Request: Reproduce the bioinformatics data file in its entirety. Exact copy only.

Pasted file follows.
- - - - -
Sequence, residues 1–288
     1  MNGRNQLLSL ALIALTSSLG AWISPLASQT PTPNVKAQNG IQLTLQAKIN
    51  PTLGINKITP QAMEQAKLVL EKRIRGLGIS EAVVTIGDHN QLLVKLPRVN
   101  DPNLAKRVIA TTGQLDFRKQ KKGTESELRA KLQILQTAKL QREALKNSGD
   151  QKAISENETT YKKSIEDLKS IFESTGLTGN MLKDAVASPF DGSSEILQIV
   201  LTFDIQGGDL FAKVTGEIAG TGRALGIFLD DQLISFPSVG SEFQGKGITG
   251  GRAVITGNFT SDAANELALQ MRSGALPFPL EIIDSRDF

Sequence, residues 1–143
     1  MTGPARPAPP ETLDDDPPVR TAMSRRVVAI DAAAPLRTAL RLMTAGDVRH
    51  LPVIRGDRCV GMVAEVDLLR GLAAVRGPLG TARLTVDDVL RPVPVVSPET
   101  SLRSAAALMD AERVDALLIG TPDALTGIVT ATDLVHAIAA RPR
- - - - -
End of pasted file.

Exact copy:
Sequence, residues 1–288
     1  MNGRNQLLSL ALIALTSSLG AWISPLASQT PTPNVKAQNG IQLTLQAKIN
    51  PTLGINKITP QAMEQAKLVL EKRIRGLGIS EAVVTIGDHN QLLVKLPRVN
   101  DPNLAKRVIA TTGQLDFRKQ KKGTESELRA KLQILQTAKL QREALKNSGD
   151  QKAISENETT YKKSIEDLKS IFESTGLTGN MLKDAVASPF DGSSEILQIV
   201  LTFDIQGGDL FAKVTGEIAG TGRALGIFLD DQLISFPSVG SEFQGKGITG
   251  GRAVITGNFT SDAANELALQ MRSGALPFPL EIIDSRDF

Sequence, residues 1–143
     1  MTGPARPAPP ETLDDDPPVR TAMSRRVVAI DAAAPLRTAL RLMTAGDVRH
    51  LPVIRGDRCV GMVAEVDLLR GLAAVRGPLG TARLTVDDVL RPVPVVSPET
   101  SLRSAAALMD AERVDALLIG TPDALTGIVT ATDLVHAIAA RPR